Dimensional Animation

‘The Quays work in dimensional animation, which means that the spaces and objects they use to create their elliptical narratives are materials from our everyday world. They can circumvent and bend laws of space, perspective, and continuity to a greater degree….’ (Buchan, 2011, pg 45).

Spontaneity and Intuition

Within the Quays adaptation, an array of narrative techniques is visible. ‘Street of Crocodiles’ film is a presentation of ideas from Schulz rather than a direct adaptation. To formulate their narratives, the Quays rely on the relationship between the hands and the tangible object. The objects begin to inform the story and they lead the narrative rather than the opposite. The Quays only have a limited sense of the trajectory, they formulate a story through the re-arrangement of the objects and through intuition. Narratives start to unfold once the objects are imbued with life from the human hand; for example, when the screws start to untwist themselves from the ground they start to lead the narrative around the imagined space of the Quays.

(Tom Margett – The Animator as a Catalyst, 2017).


‘He [Svankmajer] is fascinated by the memories that physical objects contain by virtue of their enduring material existence.’ (Vasselen, 2009). A physical object is suggested to contain memories by existing and having a relationship between the user and itself. The pre-existing past of an object combines with this interplay to create a new function. For example the pins, in the Quay Brother’ ‘Cabinet of Jan Svankmajer’ become transporters for this cube instead of fastening materials together.

(Tom Margett – The Animator as a Catalyst, 2017).

Svankmajer and Materials

An example of the relationship between the animator and the material is through Jan Svankmajer’ work and in particular ‘Dimensions of Dialogue’ (1982). The film is split into three sections, ‘Exhaustive Discussion’‘Passionate Discourse’ and ‘Factual Conversation’‘Passionate Discourse’ is about a clay couple that merge and dissolve into each other, only to disown and destroy one another. Thumb prints and impressions are visible throughout this section of the film. Svankmajer combines his surrealist influences (previously explored) and his own imagination of dialogue onto clay faces, leaving his thoughts and emotions discernible.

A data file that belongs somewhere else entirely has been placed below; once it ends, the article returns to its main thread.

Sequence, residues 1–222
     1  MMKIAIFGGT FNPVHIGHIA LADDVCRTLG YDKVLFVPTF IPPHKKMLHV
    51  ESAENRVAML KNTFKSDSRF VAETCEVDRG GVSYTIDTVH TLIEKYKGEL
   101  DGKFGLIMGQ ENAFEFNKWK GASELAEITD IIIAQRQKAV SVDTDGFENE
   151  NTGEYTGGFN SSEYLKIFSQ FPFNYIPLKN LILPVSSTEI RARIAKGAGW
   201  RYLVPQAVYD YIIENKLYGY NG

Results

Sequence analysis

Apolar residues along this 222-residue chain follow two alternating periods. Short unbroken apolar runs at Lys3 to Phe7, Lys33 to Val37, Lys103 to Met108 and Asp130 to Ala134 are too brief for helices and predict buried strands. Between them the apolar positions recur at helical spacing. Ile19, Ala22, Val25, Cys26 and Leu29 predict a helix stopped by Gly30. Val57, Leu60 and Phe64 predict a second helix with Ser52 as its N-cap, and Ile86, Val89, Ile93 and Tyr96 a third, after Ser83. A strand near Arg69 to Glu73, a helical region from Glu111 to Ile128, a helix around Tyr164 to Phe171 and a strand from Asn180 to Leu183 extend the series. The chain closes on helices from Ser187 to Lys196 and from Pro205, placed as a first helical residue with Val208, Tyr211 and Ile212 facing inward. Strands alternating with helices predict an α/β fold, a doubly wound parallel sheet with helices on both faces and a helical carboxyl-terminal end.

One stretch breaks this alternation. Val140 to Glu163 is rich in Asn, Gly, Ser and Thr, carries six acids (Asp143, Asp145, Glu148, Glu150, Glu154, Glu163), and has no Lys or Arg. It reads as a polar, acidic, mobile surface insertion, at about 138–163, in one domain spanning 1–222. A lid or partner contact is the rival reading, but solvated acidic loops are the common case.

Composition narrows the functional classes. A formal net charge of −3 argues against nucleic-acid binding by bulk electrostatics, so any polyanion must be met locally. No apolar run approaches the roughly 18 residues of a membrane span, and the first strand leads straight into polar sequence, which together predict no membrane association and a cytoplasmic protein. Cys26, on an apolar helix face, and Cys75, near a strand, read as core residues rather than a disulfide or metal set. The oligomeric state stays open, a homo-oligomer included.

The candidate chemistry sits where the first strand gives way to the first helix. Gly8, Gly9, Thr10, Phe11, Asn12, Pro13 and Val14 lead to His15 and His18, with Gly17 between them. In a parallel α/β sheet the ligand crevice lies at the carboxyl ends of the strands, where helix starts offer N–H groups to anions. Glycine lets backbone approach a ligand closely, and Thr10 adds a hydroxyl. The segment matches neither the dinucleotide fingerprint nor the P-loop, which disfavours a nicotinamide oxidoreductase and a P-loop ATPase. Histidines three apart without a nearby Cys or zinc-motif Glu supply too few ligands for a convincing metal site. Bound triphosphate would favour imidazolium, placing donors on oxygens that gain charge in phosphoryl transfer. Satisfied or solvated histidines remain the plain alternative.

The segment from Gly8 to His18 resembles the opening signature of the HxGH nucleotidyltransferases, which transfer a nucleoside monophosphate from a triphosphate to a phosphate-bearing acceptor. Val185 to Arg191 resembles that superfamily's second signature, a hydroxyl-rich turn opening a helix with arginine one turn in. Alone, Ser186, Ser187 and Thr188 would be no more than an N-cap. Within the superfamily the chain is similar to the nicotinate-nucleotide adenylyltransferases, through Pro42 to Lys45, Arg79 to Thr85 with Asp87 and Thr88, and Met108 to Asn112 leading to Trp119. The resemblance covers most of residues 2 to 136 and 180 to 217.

(Tom Margett – The Animator as a Catalyst, 2017).

Frame Narration

Frame narration is where a story has multiple layers and individual stories are told within an over-arching narrative. Yuri Norstein’ ‘Tale of Tales’ (1979) is an example of frame narration and the animator using narrative as a catalyst. It structures itself like a human memory, stories are recalled by associations rather than chronological order. The film uses several recurring characters, a poet, a little girl playing jump-rope with a disheartened bull, a young boy feeding apples to crows, and a grey wolf. These recurring characters tell the story of Russian culture in the 20th century, the Soviet Union and the losses suffered in World War Two. Each scene propels and accelerates the story to form the associations of memory and imagination.

(Tom Margett – The Animator as a Catalyst, 2017).